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McDonald’s Operators Are Worried by the Chain’s Huge Delivery Success

Delivery has developed into a $3 billion business across McDonald’s global operations in the last two years, and a slowdown in the segment is not expected anytime soon.

Over 19,000 McDonald’s locations are now set up for delivery, a 68 percent spike from delivery-enabled locations McDonald’s reported six months ago. The locations that offer delivery now add up to more than half of McDonald’s global footprint.

In July, McDonald’s CEO Steven Easterbrook called the pace of delivery growth “unprecedented” for the company. Now, the chain is starting to think more deliberately about how to grow awareness in markets outside of the usual suspects of New York City, Chicago, or San Francisco, where food delivery options have been around for years.

“We are confident that delivery offers additional growth potential for our business,” said Easterbrook. “Even with the momentum we already have established, we know we have an opportunity to let more customers know that McDonald’s will bring meals to their homes, offices, and college dorm rooms.”

McDonald’s hasn’t invested in any large-scale marketing campaign in the U.S. around delivery yet, but it’ll come eventually. As Easterbrook said, McDonald’s typically won’t invest in any sort of national marketing campaign until at least 70 percent of the U.S. system can offer what’s being advertised; in this case, delivery.

Operators Want a Better Deal

As the pace of delivery integration balloons, McDonald’s franchisees aren’t so quick to sing its praises. While delivery has become a necessary part of doing business as a quick-service restaurant chain, the economics of the channel aren’t adding up yet for many operators in the McDonald’s system.

The National Owner’s Association, an organization that was formed last fall to address growing concerns about McDonald’s growth and operational changes, recently released the results of a Delivery Economics Survey in which nearly 800 franchise owners outlined how delivery integration has been playing out at the ground level.

Out of that pool of respondents — accounting for nearly half of all McDonald’s restaurant operators in the U.S. — 758 operators said that they were not satisfied with the economics of delivery as it stands.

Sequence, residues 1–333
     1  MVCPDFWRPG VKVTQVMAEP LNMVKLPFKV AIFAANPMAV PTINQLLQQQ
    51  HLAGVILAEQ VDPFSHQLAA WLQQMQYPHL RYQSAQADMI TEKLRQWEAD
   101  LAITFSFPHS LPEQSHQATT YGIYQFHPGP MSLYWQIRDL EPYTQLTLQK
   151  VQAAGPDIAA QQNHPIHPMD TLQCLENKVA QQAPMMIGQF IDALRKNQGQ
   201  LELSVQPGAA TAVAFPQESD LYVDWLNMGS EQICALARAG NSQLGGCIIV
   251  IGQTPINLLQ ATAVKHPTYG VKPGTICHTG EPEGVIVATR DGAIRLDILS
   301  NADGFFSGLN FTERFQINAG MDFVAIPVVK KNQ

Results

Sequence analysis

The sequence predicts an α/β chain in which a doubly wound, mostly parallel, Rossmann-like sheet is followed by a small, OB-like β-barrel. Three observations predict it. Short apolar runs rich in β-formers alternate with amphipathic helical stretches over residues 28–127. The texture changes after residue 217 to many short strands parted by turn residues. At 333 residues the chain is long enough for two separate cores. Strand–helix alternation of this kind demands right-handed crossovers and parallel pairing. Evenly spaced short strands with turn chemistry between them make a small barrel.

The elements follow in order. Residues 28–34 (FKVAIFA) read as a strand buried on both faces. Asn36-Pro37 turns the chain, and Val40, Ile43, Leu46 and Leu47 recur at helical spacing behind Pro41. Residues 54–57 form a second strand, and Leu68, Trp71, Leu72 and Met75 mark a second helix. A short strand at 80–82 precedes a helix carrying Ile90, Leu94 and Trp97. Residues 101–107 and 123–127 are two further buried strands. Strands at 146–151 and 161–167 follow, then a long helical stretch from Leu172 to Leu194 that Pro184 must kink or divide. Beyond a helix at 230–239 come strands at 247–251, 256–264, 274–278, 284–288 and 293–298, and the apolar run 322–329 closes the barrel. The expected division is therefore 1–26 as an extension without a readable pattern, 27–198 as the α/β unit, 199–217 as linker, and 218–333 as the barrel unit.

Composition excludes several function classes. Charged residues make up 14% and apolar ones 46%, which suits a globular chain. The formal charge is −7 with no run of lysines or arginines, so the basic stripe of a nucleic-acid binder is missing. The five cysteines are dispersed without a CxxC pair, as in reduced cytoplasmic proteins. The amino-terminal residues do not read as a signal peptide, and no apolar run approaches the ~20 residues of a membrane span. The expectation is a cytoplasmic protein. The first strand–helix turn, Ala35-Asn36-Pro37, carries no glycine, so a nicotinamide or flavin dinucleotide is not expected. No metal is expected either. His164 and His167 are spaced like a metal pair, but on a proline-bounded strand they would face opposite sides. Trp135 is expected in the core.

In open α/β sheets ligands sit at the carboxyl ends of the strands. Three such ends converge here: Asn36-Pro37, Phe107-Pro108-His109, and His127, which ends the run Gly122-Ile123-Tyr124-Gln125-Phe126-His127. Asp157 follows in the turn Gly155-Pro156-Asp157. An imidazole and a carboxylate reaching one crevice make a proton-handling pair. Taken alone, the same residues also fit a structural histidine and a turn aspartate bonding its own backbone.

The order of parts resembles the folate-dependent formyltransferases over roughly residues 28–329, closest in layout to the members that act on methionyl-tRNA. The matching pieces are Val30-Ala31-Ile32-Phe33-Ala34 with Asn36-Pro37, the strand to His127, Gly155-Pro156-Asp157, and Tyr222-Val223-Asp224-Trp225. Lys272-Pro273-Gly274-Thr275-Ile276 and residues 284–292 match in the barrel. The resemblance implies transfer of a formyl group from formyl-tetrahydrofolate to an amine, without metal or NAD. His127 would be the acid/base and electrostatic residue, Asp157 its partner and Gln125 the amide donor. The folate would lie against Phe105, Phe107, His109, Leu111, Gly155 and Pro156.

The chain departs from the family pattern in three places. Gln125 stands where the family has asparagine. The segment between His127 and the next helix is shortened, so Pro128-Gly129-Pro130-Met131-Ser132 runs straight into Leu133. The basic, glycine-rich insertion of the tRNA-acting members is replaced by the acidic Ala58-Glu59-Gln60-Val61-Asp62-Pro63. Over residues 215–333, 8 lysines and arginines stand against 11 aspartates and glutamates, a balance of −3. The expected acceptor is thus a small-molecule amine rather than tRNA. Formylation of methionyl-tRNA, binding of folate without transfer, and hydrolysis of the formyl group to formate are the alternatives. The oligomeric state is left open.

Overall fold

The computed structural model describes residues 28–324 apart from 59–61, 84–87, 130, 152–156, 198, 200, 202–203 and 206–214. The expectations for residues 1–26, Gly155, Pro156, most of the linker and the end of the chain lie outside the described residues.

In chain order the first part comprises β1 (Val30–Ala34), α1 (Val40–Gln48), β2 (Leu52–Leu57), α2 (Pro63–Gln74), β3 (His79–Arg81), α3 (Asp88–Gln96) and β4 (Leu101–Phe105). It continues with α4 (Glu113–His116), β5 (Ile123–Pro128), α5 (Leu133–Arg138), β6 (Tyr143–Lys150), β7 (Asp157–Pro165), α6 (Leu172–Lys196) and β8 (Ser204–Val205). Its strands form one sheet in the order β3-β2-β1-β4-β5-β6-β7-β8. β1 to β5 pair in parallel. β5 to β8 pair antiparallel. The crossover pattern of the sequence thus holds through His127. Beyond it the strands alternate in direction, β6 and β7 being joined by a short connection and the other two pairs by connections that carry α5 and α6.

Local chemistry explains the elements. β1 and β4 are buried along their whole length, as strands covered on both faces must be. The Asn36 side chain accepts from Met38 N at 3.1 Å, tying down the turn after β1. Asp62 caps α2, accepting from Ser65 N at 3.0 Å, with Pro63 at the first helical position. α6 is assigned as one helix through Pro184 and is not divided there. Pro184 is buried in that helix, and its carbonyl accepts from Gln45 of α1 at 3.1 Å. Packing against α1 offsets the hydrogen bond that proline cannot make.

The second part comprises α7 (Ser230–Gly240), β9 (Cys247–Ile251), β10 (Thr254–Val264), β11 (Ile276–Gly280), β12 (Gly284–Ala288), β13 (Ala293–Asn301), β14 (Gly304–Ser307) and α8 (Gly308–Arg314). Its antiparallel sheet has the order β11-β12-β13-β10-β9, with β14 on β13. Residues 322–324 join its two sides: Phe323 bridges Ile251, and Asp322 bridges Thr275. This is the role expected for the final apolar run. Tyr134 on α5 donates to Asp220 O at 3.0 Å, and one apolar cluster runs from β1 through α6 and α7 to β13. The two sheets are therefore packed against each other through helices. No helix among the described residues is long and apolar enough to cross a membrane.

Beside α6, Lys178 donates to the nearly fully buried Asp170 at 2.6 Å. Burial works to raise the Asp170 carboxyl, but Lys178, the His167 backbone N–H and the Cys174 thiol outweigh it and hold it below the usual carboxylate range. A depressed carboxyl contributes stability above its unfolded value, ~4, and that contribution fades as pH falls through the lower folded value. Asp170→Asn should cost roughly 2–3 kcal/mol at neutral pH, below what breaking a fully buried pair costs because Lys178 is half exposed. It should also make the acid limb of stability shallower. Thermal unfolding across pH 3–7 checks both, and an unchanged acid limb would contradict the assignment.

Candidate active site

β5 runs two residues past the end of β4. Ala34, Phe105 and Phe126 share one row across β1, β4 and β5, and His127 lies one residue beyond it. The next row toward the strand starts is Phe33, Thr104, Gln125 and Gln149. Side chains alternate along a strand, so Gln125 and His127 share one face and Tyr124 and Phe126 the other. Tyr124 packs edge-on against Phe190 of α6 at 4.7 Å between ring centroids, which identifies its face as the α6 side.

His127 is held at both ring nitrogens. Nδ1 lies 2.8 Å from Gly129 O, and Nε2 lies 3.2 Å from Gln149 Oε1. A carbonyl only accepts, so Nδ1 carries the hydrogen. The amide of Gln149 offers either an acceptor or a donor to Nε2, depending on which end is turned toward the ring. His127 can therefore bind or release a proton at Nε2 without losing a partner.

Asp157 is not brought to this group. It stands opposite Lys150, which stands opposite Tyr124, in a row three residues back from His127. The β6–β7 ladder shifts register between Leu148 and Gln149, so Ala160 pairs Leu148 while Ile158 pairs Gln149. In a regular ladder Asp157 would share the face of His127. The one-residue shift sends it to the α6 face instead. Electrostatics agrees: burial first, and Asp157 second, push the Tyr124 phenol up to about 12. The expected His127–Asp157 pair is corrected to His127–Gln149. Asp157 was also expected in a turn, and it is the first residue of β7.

While nearly all of the franchisees who participated in the survey said that they want to offer delivery in their restaurants, 565 operators said that delivery was not currently generating positive cash flow to their businesses, and 785 operators said that they would support an effort to negotiate better commission rates between McDonald’s and Uber Eats.

“We are in business to make money but it seems like everyone is making money off of us except us,” one owner commented in the survey results.

In response to criticism about its delivery program, McDonald’s said, “We are committed to continuing to work closely with our franchisees so they have the support they need to run great restaurants and provide great quality experiences and convenience for our guests.”

Franchisees cited unmanageable rent and service fees on top of commission rates in the 15 to 20 percent range charged by Uber Eats. Many welcomed the opportunity to work with Uber Eats’ competitors in order to drive more favorable commission rates, and operators with locations in smaller markets struggled with delivery awareness, sometimes only handling a couple of delivery orders per day.

“The economics of this are not in our favor,” one survey respondent wrote. “We will erode more of our margins as delivery continues to grow. We must have a better economic model for this.”

The National Owners Association did not respond to requests for comment for this story.

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